Future hail and severe weather environment

Three model pairings (HadCM3-MM5; HadCM3-HRM3 and CCSM3-MM5) from the North American Regional Climate Change Assessment Program (NARCCAP) (Mearns et al. 2012) were used to assess future (2041-2070) hail and severe weather climate west of the continental divide based on the SRES A2 emission scenario. In addition, for the first time, a hail model (HAILCAST; Brimelow et al. 2002) was run using the NARCCAP models to explicitly project future changes in hail characteristics.

According to Brimelow et al. (2017), by midcentury, we may see an overall decrease in the number of severe weather days in southern Saskatchewan and Manitoba in the summer (with no change in the spring), though when it does occur, it could potentially be more severe (with respect to wind and tornadoes). However, changes in hail are not obvious due to the increasing height of freezing levels that tend to melt hail more readily.

The decrease in future severe weather days in southern Saskatchewan and Manitoba may be due to increased capping (i.e. warm air above the ground that inhibits storm formation). Much of Alberta may experience an increase in damaging hail in the summer, when storms do occur.

There does not appear to be much of a future change in severe hail days over southern Ontario, however, when hail does occur, it may potentially be larger (in spring, not summer) partially due to higher freezing levels, so as to melt smaller hail before it reaches the ground. In addition to larger hail, southern Ontario may also experience an earlier occurrence of large hail in the spring period.

Over all regions, the common ingredient that creates conditions for more intense storms is an overall increase in atmospheric moisture, caused by increased future warming that increases storm energy (when storms do occur). These results are broadly consistent with other U.S. research (e.g. Allen et al. 2015; Trapp et al. 2009; Van Klooster and Roebber, 2009), although future changes in the summer jet stream affecting southern Canada may not substantially decrease like the U.S. This is partially why parts of the southern Canadian Prairies may not see decreased severe weather potential in summer.


Allen, J. T., Tippett, M. K. & Sobel, A. H., 2015:  An empirical model relating US monthly hail occurrence to large-scale meteorological environment. J. Adv. Model. Earth Syst. 7, 226–243.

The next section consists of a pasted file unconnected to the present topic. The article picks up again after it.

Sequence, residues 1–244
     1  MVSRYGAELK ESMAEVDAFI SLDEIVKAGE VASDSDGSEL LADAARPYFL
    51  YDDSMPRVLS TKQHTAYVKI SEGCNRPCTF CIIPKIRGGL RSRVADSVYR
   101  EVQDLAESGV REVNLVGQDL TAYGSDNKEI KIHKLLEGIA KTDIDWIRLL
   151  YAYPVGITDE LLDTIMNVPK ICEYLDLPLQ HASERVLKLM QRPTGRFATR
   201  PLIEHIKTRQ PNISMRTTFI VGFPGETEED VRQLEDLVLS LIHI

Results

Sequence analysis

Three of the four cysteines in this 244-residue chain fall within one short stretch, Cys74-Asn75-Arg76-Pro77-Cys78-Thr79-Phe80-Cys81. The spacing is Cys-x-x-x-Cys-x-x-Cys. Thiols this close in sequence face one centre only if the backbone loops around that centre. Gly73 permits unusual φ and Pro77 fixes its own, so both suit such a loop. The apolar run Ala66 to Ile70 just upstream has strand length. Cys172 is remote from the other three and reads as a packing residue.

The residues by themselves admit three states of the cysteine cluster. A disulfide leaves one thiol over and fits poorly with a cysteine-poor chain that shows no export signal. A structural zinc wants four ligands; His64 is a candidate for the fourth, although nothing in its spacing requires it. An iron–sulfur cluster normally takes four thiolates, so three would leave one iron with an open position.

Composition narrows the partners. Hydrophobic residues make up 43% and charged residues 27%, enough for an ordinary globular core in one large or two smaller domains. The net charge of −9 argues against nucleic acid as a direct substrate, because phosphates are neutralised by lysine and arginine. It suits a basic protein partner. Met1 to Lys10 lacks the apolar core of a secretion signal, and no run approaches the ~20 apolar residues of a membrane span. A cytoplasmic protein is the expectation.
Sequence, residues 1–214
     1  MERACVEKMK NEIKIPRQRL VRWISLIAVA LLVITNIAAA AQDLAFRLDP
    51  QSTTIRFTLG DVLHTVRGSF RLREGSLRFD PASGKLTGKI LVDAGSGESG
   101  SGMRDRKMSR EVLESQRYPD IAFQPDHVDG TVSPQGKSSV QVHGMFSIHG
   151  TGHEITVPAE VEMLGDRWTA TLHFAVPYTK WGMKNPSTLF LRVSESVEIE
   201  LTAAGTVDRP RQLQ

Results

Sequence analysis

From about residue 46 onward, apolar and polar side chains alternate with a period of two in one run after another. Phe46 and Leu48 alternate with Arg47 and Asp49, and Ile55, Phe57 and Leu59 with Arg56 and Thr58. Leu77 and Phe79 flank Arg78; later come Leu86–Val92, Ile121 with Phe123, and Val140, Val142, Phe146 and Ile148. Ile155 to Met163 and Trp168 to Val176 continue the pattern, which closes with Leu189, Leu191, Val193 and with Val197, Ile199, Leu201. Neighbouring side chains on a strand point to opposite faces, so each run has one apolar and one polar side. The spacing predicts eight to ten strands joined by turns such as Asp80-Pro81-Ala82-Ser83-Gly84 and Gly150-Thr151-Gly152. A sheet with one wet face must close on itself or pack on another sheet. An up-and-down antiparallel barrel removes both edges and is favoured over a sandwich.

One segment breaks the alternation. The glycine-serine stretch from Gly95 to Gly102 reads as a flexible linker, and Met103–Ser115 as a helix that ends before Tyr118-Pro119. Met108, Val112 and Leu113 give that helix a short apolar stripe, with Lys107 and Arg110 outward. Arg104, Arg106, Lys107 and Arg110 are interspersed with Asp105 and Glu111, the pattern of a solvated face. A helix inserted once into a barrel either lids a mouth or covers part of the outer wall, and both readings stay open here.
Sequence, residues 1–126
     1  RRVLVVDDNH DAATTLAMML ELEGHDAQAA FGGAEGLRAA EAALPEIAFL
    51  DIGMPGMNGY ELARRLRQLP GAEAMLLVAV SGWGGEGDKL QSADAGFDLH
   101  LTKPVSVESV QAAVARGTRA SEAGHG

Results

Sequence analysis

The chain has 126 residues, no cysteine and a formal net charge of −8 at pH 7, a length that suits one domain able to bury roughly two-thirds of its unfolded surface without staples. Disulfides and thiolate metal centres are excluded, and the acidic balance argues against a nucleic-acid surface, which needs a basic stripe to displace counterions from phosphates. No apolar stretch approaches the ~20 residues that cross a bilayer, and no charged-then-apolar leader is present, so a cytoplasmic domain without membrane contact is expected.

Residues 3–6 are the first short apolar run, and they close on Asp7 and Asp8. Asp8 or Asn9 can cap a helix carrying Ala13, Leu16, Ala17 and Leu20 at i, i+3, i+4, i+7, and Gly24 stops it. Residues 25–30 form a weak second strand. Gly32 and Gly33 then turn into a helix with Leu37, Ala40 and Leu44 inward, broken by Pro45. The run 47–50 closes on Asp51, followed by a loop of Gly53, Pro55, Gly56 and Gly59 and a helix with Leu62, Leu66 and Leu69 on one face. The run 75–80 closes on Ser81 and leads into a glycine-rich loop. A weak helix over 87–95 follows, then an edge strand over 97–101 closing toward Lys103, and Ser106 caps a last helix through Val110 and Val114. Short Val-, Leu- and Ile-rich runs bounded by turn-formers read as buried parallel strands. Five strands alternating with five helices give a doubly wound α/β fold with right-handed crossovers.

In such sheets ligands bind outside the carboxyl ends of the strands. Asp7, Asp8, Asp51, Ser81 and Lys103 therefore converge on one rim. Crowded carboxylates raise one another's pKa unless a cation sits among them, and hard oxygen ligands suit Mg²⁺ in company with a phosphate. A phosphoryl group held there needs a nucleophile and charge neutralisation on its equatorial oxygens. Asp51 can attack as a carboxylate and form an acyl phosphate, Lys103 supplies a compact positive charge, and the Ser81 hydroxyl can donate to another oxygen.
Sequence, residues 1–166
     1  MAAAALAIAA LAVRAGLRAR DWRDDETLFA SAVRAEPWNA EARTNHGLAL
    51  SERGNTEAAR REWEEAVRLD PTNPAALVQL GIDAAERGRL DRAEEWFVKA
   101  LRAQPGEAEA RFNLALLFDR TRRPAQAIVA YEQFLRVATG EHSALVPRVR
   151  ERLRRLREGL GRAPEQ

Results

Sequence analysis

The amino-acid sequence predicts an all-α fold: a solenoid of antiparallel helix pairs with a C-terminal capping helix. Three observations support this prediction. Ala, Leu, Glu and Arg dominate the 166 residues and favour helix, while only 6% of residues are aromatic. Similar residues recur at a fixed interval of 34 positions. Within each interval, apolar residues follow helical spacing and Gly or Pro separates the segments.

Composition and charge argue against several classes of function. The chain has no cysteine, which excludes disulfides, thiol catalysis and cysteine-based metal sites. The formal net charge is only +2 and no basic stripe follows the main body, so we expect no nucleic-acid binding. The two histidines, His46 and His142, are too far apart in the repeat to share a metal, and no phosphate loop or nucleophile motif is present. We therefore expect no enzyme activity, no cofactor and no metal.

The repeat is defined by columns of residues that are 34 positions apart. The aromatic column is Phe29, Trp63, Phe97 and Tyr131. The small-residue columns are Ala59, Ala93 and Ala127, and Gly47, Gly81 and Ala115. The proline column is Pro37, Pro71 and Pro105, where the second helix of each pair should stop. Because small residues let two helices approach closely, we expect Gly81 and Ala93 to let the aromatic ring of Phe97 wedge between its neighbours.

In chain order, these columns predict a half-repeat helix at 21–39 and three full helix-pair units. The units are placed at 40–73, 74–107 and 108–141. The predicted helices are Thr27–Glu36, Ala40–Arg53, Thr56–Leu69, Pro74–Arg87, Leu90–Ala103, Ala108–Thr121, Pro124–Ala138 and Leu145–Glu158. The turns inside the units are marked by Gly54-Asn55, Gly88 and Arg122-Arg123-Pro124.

Brimelow, J. C., Reuter, G. W. & Poolman, E. R., 2002: Modeling maximum hail size in Alberta thunderstorms. Weath. Forecast. 17, 1048–1062.

Brimelow, J.C., W.R. Burrows and J.M. Hanesiak, 2017: The changing hail threat over North America in response to anthropogenic climate change. Nat. Clim. Change, DOI: 10.1038/NCLIMATE3321.

Mearns, L. O. et al. 2012: The North American regional climate change assessment program: overview of phase I results. Bull. Am. Meteorol. Soc. 93, 1337–1362.

Trapp, R. J., Diffenbaugh, N. S. & Gluhovsky, 2009: A. Transient response of severe thunderstorm forcing to elevated greenhouse gas concentrations. Geophys. Res. Lett. 36, L01703.

Van Klooster, S. L. & Roebber, P. J., 2009: Surface-based convective potential in the contiguous United States in a business-as-usual future climate. J. Clim. 22, 3317–3330.


Article written for the Institute for Catastrophic Loss Reduction’s (ICLR) Cat Tales, January/February 2018:

On February 15, ICLR released Hail climatology for Canada: An update. The report was written by David Etkin, Associate Professor of Disaster Management at York University.

The paper serves as an update to Etkin’s Canada’s Hail Climatology: 1977-1993, prepared for ICLR in April 2001. The update is based on an objective analysis of hail observation station data from 1977 to 2007.

National hail climatologies (i.e. the number of hail days per year in Canada) serve as a foundation for hail risk analyses. Although national hail climatologies cannot be used to determine hailstorm severity or to infer damage, they are used to help identify vulnerable regions, and thus areas where mitigation efforts should be concentrated.